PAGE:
In CRS Proppants LLC v. Preferred Resin Holding Company, LLC, C.A. No. N15C-08-111-MMJ-CCLD, Judge Johnston granted in part and denied in part the plaintiff’s motion for summary judgment, holding that the liquidated damages provision in the purchase and sale agreement (the “PSA”) between the parties was enforceable and that the defendant’s obligations under the PSA were not excused by commercial impracticability or frustration of purpose. However, Judge Johnston also concluded that certain conduct may nonetheless be excused due to an ambiguous term in the PSA.
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Judge Carpenter Denies Defendants’ Motion to Dismiss, Finding Defendants’ Arguments Premature
In LCT Capital, LLC v. NGL Energy Partners LP, C.A. No. N15C-08-109-WCC-CCLD, Judge Carpenter denied the defendants’ motion to dismiss, noting that the “vast majority of NGL’s arguments advocating for dismissal are simply premature.” Plaintiff LCT Capital, LLC (“LCT”) initiated a breach of contract action against defendants NGL Energy Partners LP and NGL Energy Holdings LLC (collectively, “NGL”) arising from NGL’s alleged failure to pay LCT for its services regarding NGL’s acquisition of TransMontaigne, Inc. Specifically, LCT argued that NGL’s CEO, H. Michael Krimbill (“Krimbill”), agreed that NGL would pay LCT a finder’s fee in the form of a 2% ownership interest in NGL Energy Holdings LLC, an agreement to pay LCT’s taxes, and an option to purchase an additional 3% interest in NGL Energy Holdings LLC. In the alternative, LCT alleged that NGL was unjustly enriched by LCT’s services, including LCT’s negotiations with Morgan Stanley in connection with NGL’s TransMontaigne, Inc. acquisition, LCT’s assistance to NGL in closing and post-closing matters, and LCT’s efforts in bringing the acquisition opportunity to NGL’s attention, creating $500 million of value in NGL Energy Holdings LLC.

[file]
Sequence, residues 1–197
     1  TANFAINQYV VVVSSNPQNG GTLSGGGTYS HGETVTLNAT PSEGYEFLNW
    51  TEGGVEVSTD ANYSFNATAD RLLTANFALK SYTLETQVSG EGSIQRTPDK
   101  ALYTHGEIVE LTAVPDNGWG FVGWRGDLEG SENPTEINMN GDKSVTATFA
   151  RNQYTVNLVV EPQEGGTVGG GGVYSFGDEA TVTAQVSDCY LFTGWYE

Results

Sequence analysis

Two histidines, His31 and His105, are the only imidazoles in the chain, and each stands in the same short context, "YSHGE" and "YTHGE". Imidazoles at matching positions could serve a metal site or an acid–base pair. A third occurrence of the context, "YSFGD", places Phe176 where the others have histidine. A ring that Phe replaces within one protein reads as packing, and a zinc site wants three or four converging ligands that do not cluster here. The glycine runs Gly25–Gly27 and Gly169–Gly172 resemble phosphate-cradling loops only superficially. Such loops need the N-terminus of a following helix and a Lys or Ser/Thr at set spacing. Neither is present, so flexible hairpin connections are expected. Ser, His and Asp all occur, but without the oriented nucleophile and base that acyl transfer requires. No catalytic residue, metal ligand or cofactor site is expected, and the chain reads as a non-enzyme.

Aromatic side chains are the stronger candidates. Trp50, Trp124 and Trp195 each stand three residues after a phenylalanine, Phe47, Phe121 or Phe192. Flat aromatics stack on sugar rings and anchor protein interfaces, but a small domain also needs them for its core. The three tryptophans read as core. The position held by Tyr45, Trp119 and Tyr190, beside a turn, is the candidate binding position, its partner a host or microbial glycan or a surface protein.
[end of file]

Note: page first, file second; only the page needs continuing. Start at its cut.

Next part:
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Judge Davis Determines Date of Exhaustion of Insurance Policies Based on Policies’ Plain Language
In CNH Industrial America LLC v. American Casualty Company of Reading, Pennsylvania, C.A. No. N12C-07-108-EMD-CCLD, Judge Davis concluded that the insurance policies between plaintiff CNH Industrial America LLC (“CNH”) and defendant Travelers Indemnity Company (“Travelers”) were exhausted as a matter of law as of Travelers’ July 6, 2015 payment of the remaining policy limits of liability owed under each policy. CNH filed a declaratory judgment and breach of contract case against defendant insurance companies (including Travelers), alleging that Travelers breached its duty to defend CNH in underlying asbestos litigation. In the course of the action between CNH and Travelers, Travelers made a payment of $1.6 million to CNH for indemnity and defense costs while CNH’s motion for partial summary judgment against Travelers regarding exhaustion of the governing insurance policy was still pending. A payment of $1 million was made for defense costs up to the date of the last settlement, and $600,000 was paid for indemnity.
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Judge Davis Denies Motion to Dismiss but Bars Plaintiffs’ Contractual Claims
In JCM Innovation Corp. v. FL Acquisition Holdings, Inc., C.A. No. N15C-10-255-EMD-CCLD, Judge Davis granted in-part and denied in part defendants FL Acquisition Holdings, Inc. and American Capital Ltd.’s motion to dismiss plaintiffs JCM Innovation Corp. and JCM American Corporation’s (collectively, “JCM”) complaint relating to JCM’s purchase of FutureLogic Group, Inc. (“FutureLogic”) from the defendants. JCM initiated the action alleging that the defendants fraudulently induced JCM into buying FutureLogic, intentionally misrepresented the viability of FutureLogic’s product (Gen3: a casino gaming printer), willfully sold JCM a defective product, and breached the asset purchase agreement between the parties.